Norton gave the formal commitment as part of the Competition and Markets Authority’s (CMA) wider investigation into auto-renewing contracts in the anti-virus software sector. This identified a number of concerns in relation to Norton’s automatically renewing contracts, which could result in customers paying for services they no longer want or need.
The CMA announced in March that it was taking legal action against Norton after it refused to provide outstanding information to assist with its investigation. This was the first time the CMA had needed to take this step in a consumer protection case. As a result of Norton’s commitments, the CMA will apply to the court for this legal action to be discontinued.
Norton has agreed to make the changes necessary to address the CMA’s concerns. These include:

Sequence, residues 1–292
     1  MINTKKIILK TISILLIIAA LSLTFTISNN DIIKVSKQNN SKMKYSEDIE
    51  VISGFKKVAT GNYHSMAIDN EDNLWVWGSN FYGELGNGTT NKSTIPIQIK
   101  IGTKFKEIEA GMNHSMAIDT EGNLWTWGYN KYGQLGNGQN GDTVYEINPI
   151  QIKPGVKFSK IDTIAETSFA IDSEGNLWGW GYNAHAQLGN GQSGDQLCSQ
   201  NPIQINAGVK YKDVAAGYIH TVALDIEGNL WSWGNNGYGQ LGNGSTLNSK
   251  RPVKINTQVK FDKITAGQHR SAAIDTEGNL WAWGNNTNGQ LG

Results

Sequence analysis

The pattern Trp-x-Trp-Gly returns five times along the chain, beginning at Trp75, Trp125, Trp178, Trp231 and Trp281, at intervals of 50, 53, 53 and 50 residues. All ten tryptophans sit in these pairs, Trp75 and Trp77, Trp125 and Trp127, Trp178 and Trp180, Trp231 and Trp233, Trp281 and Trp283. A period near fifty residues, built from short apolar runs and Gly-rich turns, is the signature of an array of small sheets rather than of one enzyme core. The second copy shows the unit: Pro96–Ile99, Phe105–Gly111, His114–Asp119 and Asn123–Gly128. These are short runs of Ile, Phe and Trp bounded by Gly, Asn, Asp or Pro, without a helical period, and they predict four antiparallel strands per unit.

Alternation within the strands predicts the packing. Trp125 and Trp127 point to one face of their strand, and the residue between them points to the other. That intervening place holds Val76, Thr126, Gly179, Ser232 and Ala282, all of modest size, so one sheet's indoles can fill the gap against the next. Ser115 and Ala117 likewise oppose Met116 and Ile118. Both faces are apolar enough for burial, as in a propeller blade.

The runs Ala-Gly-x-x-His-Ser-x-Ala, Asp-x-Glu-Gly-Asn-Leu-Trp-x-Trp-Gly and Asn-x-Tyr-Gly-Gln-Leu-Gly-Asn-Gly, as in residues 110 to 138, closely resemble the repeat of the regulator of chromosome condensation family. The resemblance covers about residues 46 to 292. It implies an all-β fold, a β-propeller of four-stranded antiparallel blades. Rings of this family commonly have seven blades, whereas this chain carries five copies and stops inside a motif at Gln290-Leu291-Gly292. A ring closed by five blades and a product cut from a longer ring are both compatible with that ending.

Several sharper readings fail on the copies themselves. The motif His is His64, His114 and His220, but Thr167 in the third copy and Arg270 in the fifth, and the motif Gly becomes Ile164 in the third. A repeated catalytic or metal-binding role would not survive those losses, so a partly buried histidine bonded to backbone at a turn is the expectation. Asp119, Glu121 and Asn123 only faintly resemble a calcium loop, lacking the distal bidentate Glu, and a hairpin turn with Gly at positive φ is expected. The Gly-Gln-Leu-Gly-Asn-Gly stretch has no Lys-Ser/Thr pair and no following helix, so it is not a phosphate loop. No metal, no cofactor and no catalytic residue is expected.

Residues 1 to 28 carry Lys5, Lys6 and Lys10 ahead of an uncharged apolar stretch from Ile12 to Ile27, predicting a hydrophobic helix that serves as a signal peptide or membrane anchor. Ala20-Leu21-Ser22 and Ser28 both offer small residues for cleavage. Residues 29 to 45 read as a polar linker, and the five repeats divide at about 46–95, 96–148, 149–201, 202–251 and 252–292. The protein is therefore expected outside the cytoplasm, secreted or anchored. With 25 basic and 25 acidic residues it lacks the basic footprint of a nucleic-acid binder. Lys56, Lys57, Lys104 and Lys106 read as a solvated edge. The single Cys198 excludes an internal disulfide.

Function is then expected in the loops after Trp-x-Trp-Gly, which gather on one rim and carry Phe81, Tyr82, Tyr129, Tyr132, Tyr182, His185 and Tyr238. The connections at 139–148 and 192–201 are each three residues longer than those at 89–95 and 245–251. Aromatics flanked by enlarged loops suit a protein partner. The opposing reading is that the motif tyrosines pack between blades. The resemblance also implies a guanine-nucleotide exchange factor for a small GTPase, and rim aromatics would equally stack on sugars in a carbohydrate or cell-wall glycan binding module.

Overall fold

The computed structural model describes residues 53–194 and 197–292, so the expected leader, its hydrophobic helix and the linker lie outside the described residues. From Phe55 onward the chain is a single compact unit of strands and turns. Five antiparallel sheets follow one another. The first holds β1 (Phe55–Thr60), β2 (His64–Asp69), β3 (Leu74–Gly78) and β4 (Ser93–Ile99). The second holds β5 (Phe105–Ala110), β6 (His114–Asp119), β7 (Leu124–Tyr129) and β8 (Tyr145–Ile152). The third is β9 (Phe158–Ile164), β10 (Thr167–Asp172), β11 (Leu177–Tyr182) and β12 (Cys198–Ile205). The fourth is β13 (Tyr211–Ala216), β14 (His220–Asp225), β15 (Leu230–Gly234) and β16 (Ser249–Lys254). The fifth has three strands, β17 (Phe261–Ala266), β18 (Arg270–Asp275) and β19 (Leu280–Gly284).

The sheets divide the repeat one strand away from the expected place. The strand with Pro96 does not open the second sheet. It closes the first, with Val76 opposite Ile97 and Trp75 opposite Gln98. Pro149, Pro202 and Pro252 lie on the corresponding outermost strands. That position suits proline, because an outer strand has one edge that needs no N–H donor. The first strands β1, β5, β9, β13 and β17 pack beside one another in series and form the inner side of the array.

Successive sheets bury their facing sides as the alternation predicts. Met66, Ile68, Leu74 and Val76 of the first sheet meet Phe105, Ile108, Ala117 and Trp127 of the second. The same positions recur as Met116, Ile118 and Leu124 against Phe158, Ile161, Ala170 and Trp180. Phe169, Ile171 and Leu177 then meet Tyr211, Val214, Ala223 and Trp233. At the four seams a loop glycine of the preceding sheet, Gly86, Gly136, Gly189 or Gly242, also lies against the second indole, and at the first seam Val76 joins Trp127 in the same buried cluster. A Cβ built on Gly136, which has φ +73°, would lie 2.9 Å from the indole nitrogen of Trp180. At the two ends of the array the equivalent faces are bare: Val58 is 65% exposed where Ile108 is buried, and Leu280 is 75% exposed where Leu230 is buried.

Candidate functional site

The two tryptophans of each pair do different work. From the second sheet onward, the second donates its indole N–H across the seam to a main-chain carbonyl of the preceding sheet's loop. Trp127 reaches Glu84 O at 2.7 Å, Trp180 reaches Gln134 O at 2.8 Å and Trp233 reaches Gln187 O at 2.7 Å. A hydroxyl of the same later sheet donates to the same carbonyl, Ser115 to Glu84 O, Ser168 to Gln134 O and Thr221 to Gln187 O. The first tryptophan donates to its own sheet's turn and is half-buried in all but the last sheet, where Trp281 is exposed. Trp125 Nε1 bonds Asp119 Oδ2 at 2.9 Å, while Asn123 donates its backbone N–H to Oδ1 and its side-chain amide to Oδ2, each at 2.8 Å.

- ensuring that customers whose contracts auto-renew for another year will be able to end their contracts and seek refunds for the remaining months. In addition, this new refund right will be backdated for people who were previously refused a refund in 2020
- agreeing to contact customers who have not used their products for over 12 months, to let them know how they can disable automatic renewal or end their contract and get a refund
- providing clearer information upfront on pricing, for example by making it clear if the auto-renewal price in the second year is higher than the price paid when the anti-virus product was first purchased
- automating the process for obtaining a refund to make it simple and easy for customers
Andrea Coscelli, CMA Chief Executive, said:
“The changes Norton has committed to, following our action, will make it easier for customers to get their money back if their contract renews when they don’t want it to.
“Coming just weeks after the commitments secured from McAfee, it also sends a clear message that the CMA will not hesitate to take action where it believes companies are using auto-renewals unfairly.
“We’re pleased that Norton’s commitments mean we no longer need to go to court to enforce our information request. However, firms should be in no doubt that we will take this action in the future, if they fail to provide the information we need to pursue our investigations.”